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City of the Saints: And Across the Rocky Mountains to California Paperback – June, 1990
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First published in 1861, this book is an account of Sir Richard F. Burton's 1860 trip to Salt Lake City. The British explorer and ethnologist (1821-90) describes the customs of the Mormon community and his meeting with the church's leader, the prophet Brigham Young, founder of the city. --This text refers to the Hardcover edition.
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Top customer reviews
This is not the best edition of this book; I recommend spending more money for a properly formatted and illustrated edition.
So what prompted him to go to Salt Lake City? Burton was at a very difficult stage of his life, and needed a sort of vacation. Plus, according to him, he wanted to "see the Mormons." Some say he was interested in seeing their system of polygamy firsthand, some that he loved to visit sacred cities (having been to Mecca, Medina, Harar, and Damascus). Whatever the reason, he fortunately documented his trip, and we are left with this wonderful look, from an outsider, at "The City of the Saints."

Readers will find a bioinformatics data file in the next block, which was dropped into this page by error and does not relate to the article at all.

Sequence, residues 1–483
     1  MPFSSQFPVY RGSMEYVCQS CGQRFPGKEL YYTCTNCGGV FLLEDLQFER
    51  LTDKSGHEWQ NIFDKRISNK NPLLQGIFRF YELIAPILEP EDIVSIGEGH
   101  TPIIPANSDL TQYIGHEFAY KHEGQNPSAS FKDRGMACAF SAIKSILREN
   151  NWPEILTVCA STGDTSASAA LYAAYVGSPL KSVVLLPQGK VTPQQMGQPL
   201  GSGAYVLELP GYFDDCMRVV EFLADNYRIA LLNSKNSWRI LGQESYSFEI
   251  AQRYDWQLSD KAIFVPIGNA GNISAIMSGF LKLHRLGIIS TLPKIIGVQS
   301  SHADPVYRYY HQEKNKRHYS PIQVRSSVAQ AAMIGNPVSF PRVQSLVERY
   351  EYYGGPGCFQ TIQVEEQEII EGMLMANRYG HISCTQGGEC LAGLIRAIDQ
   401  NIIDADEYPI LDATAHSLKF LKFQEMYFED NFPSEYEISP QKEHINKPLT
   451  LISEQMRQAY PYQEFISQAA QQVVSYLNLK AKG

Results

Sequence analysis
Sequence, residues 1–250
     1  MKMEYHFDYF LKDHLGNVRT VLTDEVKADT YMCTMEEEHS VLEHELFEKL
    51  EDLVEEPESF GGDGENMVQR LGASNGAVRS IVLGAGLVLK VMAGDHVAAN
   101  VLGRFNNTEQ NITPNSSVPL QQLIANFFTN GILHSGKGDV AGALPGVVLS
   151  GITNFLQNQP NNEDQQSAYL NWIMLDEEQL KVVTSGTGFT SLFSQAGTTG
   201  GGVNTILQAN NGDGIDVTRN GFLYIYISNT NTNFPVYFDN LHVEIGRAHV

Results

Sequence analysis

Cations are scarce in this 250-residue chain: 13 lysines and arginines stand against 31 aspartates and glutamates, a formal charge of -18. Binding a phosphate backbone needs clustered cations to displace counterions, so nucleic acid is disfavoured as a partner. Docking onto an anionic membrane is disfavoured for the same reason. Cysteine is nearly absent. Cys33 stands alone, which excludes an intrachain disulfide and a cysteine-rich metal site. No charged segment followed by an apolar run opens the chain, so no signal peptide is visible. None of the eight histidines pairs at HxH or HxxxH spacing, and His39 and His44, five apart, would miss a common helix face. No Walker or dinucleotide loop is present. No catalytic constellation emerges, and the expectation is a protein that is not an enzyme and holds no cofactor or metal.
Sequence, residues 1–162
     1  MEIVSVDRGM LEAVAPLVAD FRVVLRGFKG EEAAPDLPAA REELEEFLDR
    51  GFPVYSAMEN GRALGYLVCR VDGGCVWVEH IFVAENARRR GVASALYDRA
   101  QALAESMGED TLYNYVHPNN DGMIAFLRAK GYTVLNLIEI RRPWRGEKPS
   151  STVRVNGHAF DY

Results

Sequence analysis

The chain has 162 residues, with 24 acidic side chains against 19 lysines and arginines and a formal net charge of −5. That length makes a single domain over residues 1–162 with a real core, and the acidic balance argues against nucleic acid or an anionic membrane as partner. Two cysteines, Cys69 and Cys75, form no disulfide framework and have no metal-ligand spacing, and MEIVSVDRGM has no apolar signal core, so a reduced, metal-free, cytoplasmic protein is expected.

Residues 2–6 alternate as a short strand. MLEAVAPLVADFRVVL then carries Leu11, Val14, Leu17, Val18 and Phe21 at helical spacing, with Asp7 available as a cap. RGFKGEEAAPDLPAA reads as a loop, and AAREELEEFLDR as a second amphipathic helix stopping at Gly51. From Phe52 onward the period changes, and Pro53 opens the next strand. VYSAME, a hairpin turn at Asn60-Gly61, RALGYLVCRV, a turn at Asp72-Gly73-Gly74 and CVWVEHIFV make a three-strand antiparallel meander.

One of the things that makes Burton so great is his absolute objectivity. His account of his visit among the Mormons is no exception. He went, he saw the facts, and he formed his opinions, just as everyone else. What set him apart, though, was that he managed to recount his adventure without the taint of his own bias.
Another great quality of Burton's was his incomparable eye for detail. He noticed everything, and took great pains to discover the history of everything he encountered. The result is a wonderfully rich account full of history and culture that Burton gives us as no other man could.
This is considered to be one of Burton's best books, though it is little known. It is by far the best non-Mormon account of early Salt Lake City that I've ever encountered. Its only flaw is that it is a little drawn out in places, but for the most part, this is a wonderfully detailed account and well worth the read.